A few things you can count on seeing at next week's Barlow Fair - the feeder calf sale, tractor pulls galore, horse shows and Bob Gorham.
"I'm 81 years old, and I've missed two or three," the Barlow Township resident said.
The oldest independent community fair in Ohio isn't making a lot of changes for its 140th edition, said Sidney Brackenridge, fair board treasurer. The Barlow Fairgrounds are already active with preparations being made for the fair, which starts Thursday.
Saturday is a community cleanup day, Brackenridge said, with volunteers expected to come out and help with "cleaning up, getting some spaces ready, working on the track for the tractor pulls."
Gorham enjoys the horse-pulling contest but said his favorite aspect of the fair is that it serves as "a big homecoming."
"You just get to see people that you haven't seen all year," he said.
2011 Barlow Fair
Wednesday, Sept. 21
All entries for chickens, rabbits and feeder calves must be in by 9 p.m.
10 a.m. to 9 p.m. - Feeder calves.
2 to 8 p.m. - Chicken and rabbit entries.
5 to 9 - Entries for T-building, Lad and Lassies and fruits.
5 to 9 - Weigh-in for feeder calves.
Thursday, Sept. 22
All other livestock in place by noon.
9 a.m. to noon - Entries for T-building, Lads and Lassies and fruits.
Noon - 4-H booth judging.
4 p.m. - Gates open, judging flowers and still exhibits.
5 - Tractor Pull, Speed Pull, Division I only (per WCATEC rules, 3,500 to 9,500 pounds).
6 - Rides open, free rides for age 13 and under; Beef and Dairy Show, cattle tent.
7 - Gaited Horse Show, horse arena.
Friday, Sept. 23
8 a.m. - Gates open.
9 - Poultry and rabbit judging.
6 p.m. - Parade, Tractor Pull (5,500 and 7,500-pound classes).
7 - Gaited Horse Show.
8 - Draft and Mule Show; Sheep and Goat Show, sheep barn.
8 to 10 - Lacey and the Attitude, band, gazebo.
Saturday, Sept. 24
8 a.m. - Gates open, Feeder Calf Show.
9 - Mini Horse Show.
10 - Draft Horse Pull.
Noon - Garden Tractor Pull; Little Miss and Mr. Barlow, gazebo.
1 p.m. - Youth Horse Show.
5:30 - Feeder Calf Sale.
6 - Draft Horse and Mule Show.
8 - Jordan Carter, main stage.
Sunday, Sept. 25
8 a.m. - Gates open.
10 a.m. - Open Hunter Jumping Show; church services, gazebo.
Noon - Tractor Pull (13,000-, 11,000- and 9,500-pound classes).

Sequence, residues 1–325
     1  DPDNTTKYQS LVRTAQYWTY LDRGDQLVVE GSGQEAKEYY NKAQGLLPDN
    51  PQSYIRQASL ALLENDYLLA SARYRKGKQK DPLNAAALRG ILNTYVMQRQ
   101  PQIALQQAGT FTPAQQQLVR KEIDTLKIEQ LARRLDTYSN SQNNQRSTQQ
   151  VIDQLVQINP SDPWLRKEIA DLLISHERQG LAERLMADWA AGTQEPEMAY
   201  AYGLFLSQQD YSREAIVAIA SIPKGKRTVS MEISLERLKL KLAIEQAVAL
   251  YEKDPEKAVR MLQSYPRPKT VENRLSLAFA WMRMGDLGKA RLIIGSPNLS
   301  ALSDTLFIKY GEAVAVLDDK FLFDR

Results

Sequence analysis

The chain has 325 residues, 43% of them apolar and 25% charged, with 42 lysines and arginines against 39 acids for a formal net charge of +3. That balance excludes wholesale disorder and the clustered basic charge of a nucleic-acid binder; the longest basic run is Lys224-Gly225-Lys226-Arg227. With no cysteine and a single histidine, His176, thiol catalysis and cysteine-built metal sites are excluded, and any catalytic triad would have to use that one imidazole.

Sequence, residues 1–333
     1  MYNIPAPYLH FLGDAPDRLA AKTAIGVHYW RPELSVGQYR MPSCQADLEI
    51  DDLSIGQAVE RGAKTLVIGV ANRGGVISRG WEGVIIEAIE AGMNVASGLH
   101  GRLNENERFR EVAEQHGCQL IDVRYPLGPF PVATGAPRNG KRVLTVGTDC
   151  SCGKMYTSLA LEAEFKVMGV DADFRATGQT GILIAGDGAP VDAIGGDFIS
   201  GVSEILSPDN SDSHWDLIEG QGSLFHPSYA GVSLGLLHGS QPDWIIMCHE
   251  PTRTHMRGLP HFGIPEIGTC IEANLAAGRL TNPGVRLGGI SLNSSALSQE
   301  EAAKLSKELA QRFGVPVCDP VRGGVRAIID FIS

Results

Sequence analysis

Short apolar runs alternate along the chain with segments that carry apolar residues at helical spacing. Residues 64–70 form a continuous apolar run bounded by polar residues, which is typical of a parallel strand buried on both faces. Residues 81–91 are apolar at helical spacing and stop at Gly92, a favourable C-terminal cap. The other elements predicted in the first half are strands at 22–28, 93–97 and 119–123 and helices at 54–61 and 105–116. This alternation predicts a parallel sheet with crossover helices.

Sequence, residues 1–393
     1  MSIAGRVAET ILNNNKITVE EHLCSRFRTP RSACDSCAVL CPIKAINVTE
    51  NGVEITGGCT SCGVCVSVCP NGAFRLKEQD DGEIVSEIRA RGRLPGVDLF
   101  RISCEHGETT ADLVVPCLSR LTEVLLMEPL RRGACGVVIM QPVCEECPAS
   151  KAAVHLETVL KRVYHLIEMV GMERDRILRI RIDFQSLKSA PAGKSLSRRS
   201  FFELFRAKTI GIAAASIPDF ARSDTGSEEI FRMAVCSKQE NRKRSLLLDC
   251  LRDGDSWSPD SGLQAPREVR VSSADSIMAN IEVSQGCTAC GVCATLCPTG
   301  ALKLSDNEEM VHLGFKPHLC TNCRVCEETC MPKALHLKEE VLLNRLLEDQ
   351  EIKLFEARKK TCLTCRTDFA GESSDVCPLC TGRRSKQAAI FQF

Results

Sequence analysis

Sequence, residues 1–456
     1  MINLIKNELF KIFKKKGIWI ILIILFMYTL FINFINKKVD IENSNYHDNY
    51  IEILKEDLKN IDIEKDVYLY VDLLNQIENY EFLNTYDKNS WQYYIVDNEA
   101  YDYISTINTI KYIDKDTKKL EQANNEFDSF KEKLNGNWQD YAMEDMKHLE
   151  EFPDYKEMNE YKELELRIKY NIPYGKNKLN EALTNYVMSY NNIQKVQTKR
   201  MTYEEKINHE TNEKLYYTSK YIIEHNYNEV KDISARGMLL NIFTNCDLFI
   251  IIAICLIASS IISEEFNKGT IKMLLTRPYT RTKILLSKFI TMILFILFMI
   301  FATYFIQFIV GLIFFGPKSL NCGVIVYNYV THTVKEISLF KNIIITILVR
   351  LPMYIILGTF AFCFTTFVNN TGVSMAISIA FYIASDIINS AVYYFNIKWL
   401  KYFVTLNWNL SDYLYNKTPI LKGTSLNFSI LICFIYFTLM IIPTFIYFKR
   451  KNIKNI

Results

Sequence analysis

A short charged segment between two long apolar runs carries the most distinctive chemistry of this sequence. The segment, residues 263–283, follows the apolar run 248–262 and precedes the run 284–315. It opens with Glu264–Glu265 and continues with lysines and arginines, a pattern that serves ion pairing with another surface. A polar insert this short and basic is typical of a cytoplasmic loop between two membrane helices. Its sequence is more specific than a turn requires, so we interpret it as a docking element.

1 p.m. - Kiddie Tractor Pull.
2 - Gospel music.
2:30 - 4-H contest.
4 - All exhibits released.
One relatively new attraction is the petting zoo, which debuted last year and will be back this time.
"Those kids just had a ball with it," Brackenridge said.
The feeder calf show and sale on Saturday is the agricultural centerpiece of the event, but daily tractor pulls also draw large crowds. The headlining entertainer is up-and-coming country singer Jordan Carter, performing Saturday night.
Although exhibitors will start arriving on Wednesday and the gates open Thursday afternoon - with free midway rides for kids 13 and under from 6 to 8 p.m. - the traditional kickoff doesn't actually come until Friday, with the massive fair parade.
This year's parade marshals are Vincent residents Glen and Donna Sprague.
"They've really been community minded people all their lives," said Bob Oliver, a member of the Scenic Hills Lions Club, which coordinates the parade.
Married 68 years, the couple raised six children on their farm in Barlow. Glen Sprague retired from Union Carbide and spent 40 years as a member of the Barlow Volunteer Fire Department, 20 of them as an EMT. He served on the planning committee that formed the Warren Local School District and was a longtime fair board member and township trustee.
Donna Sprague was a member of the fire department's ladies auxiliary and served 40 years as secretary in the fair board office. She continues to have an active interest in the farm and the Barlow Presbyterian Church.
Honorary parade marshals will be Waterford resident Ava Nichols and Marietta resident Bridget Crock, two children whose struggles with cancer have touched hearts around the Valley and beyond.
"So many people in our area know them, know about their situations and (have) supported them," Oliver said.
Ava, 6, was diagnosed in March 2010 with an inoperable brain tumor. In early May of this year, she suffered a stroke and is now battling the disease at home, slowly regaining movement.
Bridget, 5, is a three-year survivor of a rare form of cancer called pleuropulmonary blastoma.
Community benefits were held to assist both girls' families and now they and their supporters have joined forces to form an organization called BrAva that will be holding a 5K run/walk on Sept. 24 to raise money for cancer research and to help a local family with a child who has cancer.